The legislators noted that they had met in June with UConn representatives to encourage them to keep the von Schlippe open.

    College officials, in response, proposed keeping the gallery open by having a graduate student in arts administration run the facility. The position would be for 20 hours a week, and it would mean UConn would run the gallery at least for the next two years and possibly beyond that, according to a July 11 letter from Sally M. Reis, who is vice provost for academic affairs.

    Reis wasn’t available to comment this week, with a representative referring a reporter to UConn Dean of Fine Arts Anne D’Alleva. D’Alleva did not return a call seeking an update on the gallery’s status.

    The legislators said in their Aug. 2 letter to board of trustees Chairman McHugh, “It is quite alarming to learn that, while the University proposes to shutter this gallery, at the same time, (it proposes to) retain approximately half of the $70,000 needed to fully fund the director’s salary. If the University chooses not to contribute to the direct funding of those programs via full funding of a Curator/Director, we have suggested that the University agree to provide half the funding of said position for a period of five years to allow for a transition to the status as a non-profit organization. We estimate that this would amount to approximately $36,000 annually and would require no fringe benefits. As curator/director (half-time), the current curator has indicated a willingness to provide valuable mentoring to the proposed graduate assistant.”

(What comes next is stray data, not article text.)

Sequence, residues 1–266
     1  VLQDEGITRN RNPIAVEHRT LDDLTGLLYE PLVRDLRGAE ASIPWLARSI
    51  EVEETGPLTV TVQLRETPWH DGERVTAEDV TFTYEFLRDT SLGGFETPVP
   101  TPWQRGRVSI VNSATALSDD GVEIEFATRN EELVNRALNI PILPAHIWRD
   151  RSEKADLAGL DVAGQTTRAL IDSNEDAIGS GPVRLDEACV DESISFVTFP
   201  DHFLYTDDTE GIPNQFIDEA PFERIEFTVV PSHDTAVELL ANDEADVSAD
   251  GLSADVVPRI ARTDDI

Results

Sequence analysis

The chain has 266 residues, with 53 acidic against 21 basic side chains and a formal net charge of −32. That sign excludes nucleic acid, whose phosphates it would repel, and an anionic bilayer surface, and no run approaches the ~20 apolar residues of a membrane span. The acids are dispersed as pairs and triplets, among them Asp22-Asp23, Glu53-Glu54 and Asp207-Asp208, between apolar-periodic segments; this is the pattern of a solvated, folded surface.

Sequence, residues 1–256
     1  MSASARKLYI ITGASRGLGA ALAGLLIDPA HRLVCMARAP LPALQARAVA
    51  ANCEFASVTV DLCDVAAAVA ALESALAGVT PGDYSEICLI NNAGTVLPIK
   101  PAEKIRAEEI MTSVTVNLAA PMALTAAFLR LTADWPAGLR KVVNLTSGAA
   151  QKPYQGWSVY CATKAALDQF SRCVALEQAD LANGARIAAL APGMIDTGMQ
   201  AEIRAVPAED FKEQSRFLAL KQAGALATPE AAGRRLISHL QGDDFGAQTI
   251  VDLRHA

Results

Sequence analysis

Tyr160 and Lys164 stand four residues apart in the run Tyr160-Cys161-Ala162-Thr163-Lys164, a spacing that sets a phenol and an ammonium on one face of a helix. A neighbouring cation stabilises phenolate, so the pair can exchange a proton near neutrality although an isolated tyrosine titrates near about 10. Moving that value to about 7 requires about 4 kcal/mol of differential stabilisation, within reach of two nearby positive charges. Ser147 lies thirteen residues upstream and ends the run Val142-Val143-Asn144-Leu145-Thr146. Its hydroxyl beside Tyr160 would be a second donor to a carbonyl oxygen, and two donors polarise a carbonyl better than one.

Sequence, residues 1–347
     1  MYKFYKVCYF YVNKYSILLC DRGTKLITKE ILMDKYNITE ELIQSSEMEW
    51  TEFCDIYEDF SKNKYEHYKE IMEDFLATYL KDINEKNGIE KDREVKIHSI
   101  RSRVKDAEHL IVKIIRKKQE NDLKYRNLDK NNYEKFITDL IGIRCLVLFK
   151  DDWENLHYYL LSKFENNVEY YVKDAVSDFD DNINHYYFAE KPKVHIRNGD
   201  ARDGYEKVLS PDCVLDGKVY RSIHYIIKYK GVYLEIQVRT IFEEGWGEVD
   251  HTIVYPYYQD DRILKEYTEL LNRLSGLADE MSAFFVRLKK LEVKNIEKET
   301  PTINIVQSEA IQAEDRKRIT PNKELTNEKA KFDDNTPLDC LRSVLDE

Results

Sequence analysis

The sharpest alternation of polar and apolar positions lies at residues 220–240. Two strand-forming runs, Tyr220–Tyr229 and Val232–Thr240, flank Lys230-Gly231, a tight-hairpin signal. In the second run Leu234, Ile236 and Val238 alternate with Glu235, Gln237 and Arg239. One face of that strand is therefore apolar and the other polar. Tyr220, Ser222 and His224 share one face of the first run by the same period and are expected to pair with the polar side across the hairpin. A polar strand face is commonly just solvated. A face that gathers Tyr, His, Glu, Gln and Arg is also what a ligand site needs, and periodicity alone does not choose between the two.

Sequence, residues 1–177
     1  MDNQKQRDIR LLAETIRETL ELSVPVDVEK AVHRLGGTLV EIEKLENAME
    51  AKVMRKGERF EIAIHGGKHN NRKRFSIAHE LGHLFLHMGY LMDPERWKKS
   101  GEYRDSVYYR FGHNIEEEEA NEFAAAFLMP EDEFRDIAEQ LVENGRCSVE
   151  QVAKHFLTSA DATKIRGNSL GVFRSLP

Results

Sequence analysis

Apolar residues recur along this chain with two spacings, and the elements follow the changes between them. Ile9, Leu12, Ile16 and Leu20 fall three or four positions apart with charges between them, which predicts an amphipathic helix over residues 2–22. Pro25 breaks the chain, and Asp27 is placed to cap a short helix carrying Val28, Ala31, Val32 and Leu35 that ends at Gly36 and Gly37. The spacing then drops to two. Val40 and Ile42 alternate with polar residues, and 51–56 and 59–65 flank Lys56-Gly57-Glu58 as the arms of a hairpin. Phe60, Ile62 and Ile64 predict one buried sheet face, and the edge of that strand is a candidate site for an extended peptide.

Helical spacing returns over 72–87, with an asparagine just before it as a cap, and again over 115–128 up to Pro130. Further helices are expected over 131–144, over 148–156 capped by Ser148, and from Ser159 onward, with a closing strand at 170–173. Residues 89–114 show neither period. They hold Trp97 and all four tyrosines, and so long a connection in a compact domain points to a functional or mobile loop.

They argued that the decision doesn’t seem to consider the “vital cultural value” of the gallery.

    Madacsi, who is a UConn professor emeritus, echoed the sentiments in that letter on Tuesday, saying that the $36,000 “could easily be used to support the curator-director on a half-time basis as we functioned and allow us to find another means of continuing. So if that could be done for a period of five years, we could find a way to be completely self-supporting.”

    He noted that the gallery always had generated its own operating budget through things like community memberships and annual appeals.